Lighting the Way, a new report from trade group Solar Energy UK suggests that while the UK solar industry could feasibly grow twofold by 2030, if it is to align with net zero targets it realistically needs to treble in size over the next eight years.
In a nutshell, the report says that a target of 40GW of solar capacity by 2030 is needed in order to hit net zero. This isn’t a random figure – it was estimated by the Climate Change Committee, a Government advisory body.
The South West is considered the best location overall for renewable resources of solar and wind, with Cornwall, Devon and Somerset ranked in the top five solar producing counties. Our region generally has had a positive attitude towards the sector, and we believe we have seen a shift in attitude in the past few years with councils and businesses now less focused on the appeal of solar energy for financial gains and more interested in the environment and the need to make change.
While solar farms will be needed to achieve the target, there have been recent concerns about their impact on the countryside. SunGift Solar continues to be committed to making sure that the majority of our installations are sited in exactly the places where energy requirements are needed, such as warehouses, offices and large-scale holiday parks.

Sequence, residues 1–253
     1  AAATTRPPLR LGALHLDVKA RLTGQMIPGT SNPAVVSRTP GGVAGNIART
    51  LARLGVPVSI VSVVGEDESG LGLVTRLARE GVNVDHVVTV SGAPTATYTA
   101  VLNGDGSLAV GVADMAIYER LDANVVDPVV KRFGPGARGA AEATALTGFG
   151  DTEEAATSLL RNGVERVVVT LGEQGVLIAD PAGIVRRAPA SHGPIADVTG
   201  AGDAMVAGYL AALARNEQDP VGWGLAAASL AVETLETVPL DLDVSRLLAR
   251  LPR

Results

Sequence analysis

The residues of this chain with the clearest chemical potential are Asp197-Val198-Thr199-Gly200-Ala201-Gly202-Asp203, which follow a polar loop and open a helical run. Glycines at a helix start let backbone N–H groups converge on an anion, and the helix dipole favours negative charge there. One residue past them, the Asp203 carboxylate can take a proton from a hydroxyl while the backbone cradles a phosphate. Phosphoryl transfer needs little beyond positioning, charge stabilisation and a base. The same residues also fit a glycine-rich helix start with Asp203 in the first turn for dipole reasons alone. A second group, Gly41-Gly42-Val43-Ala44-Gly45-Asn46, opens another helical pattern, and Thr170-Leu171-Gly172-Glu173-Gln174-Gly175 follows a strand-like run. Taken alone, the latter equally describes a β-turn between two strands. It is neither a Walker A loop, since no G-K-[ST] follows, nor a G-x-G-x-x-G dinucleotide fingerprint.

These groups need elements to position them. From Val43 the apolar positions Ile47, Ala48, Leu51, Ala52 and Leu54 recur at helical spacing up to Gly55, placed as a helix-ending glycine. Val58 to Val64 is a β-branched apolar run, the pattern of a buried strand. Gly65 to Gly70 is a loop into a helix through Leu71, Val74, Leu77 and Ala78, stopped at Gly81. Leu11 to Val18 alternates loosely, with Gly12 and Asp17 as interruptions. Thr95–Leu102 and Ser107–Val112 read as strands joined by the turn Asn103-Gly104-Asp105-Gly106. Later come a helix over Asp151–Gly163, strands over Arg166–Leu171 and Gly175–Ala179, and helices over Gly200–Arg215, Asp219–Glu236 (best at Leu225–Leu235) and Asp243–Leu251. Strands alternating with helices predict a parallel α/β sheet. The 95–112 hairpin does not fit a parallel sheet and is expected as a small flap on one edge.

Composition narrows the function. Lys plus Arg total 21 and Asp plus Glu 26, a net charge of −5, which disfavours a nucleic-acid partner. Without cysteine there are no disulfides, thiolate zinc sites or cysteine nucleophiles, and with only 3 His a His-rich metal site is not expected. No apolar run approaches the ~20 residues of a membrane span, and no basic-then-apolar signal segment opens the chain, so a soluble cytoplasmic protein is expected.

There’s potential good news for the economy as the new report argues that achieving 40GW of solar capacity could have a dynamic impact on the UK economy, delivering 13,000 new jobs, £17 billion in additional economic activity and a 4.7% cut in total UK carbon emissions.
The report also considers the impact of improved building standards for homes and commercial properties, funding of retrofitted solar on homes and public buildings.
Solar Energy UK Chief Executive Chris Hewett said: “Solar companies up and down the country are in a strong position to deliver the growth needed to meet the UK’s climate commitments. However, the Government must act now to accelerate deployment to ensure their net zero targets are met. Jobs, economic growth, and a massive reduction in carbon emissions are all up for grabs.
Solar is affordable, reliable, and immensely popular with the public. Every additional unit of solar energy generated in the UK cuts the amount of coal and gas we burn today. It can and must play a bigger role in the UK’s green economic recovery.”
If you’re interested in reading the full report, it can be accessed here.